Risk factorsBy Mayo Clinic Staff
Depression often begins in the teens, 20s or 30s, but it can happen at any age. More women are diagnosed with depression than are men, but this may be due in part because women are more likely to seek treatment.
Factors that seem to increase the risk of developing or triggering depression include:
July 07, 2016
- Certain personality traits, such as low self-esteem and being too dependent, self-critical or pessimistic
- Traumatic or stressful events, such as physical or sexual abuse, the death or loss of a loved one, a difficult relationship, or financial problems
- Childhood trauma or depression that started when you were a teen or child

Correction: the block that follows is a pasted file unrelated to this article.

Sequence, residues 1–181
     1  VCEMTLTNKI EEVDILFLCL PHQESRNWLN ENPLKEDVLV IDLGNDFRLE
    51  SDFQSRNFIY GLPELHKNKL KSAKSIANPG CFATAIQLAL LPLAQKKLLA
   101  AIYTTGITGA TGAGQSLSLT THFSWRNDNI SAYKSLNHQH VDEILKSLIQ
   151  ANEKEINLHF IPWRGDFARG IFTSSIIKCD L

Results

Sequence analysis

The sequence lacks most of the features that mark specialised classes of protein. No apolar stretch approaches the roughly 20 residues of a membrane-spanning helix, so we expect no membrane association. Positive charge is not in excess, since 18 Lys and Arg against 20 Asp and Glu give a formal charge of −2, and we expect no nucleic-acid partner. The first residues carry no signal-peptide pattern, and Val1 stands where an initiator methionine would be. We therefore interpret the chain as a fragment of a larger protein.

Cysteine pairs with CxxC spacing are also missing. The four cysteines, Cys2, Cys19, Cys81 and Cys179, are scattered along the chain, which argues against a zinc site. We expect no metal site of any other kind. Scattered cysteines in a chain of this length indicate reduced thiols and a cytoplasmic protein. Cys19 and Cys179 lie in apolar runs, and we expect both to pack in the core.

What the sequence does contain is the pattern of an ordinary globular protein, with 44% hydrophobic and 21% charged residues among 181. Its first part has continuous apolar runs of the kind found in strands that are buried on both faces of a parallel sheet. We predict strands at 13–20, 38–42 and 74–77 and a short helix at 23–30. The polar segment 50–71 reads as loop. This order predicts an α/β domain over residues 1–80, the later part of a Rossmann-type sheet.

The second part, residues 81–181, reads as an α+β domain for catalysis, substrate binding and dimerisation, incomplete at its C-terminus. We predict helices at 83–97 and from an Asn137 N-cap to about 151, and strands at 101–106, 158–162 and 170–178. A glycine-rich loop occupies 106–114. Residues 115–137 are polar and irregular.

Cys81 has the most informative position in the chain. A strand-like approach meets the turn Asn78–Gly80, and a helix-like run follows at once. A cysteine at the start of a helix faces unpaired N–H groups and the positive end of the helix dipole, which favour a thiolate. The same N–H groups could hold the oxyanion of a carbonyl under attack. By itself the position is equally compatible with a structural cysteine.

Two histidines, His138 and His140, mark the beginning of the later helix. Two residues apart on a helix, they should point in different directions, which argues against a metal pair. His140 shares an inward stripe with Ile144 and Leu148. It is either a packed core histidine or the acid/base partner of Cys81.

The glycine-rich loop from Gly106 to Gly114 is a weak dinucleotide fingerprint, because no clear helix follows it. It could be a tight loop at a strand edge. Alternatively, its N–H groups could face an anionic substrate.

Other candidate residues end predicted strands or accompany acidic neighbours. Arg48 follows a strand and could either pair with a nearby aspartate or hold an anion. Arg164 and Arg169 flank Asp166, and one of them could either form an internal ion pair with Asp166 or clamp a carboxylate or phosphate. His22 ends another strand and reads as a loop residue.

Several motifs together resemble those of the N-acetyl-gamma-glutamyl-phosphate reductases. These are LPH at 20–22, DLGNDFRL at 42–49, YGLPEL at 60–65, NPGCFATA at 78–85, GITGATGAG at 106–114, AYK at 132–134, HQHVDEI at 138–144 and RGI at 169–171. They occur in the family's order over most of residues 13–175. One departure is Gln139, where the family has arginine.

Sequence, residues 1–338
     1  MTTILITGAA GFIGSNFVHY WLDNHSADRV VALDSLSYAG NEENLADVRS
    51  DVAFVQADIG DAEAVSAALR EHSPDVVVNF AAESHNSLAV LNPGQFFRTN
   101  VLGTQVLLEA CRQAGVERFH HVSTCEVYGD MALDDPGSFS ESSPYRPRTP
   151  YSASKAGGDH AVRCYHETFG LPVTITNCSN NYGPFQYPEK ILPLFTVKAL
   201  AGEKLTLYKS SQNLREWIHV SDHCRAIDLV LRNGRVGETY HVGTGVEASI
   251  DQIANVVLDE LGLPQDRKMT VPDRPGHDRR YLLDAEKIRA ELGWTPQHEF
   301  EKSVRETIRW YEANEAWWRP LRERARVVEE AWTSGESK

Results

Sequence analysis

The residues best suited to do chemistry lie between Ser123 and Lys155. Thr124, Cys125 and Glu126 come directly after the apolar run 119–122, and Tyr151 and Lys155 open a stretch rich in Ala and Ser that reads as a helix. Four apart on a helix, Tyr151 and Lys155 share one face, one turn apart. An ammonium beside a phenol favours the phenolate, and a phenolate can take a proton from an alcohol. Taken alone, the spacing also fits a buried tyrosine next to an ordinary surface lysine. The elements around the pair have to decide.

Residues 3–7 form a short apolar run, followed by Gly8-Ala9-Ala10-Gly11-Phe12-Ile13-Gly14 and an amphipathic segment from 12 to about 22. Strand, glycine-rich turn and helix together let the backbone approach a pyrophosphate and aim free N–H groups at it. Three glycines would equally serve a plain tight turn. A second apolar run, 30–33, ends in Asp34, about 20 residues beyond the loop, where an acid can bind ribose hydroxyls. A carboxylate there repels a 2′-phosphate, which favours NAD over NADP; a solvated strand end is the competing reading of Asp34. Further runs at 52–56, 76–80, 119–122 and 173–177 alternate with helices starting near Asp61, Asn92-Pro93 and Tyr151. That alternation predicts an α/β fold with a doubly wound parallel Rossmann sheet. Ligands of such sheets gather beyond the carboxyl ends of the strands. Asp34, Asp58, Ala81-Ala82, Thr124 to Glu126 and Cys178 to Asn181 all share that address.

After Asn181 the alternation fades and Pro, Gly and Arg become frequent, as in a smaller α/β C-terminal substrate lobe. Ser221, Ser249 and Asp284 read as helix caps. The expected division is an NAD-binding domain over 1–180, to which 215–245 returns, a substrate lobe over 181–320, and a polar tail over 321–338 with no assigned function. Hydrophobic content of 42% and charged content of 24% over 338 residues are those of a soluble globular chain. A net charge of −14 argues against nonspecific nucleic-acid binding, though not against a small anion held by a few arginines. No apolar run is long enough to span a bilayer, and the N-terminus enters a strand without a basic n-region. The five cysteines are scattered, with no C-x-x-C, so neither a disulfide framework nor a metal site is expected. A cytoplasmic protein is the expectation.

- Blood relatives with a history of depression, bipolar disorder, alcoholism or suicide
- Being lesbian, gay, bisexual or transgender in an unsupportive situation
- History of other mental health disorders, such as anxiety disorder, eating disorders or post-traumatic stress disorder
- Abuse of alcohol or illegal drugs
- Serious or chronic illness, including cancer, stroke, chronic pain or heart disease
- Certain medications, such as some high blood pressure medications or sleeping pills (talk to your doctor before stopping any medication)
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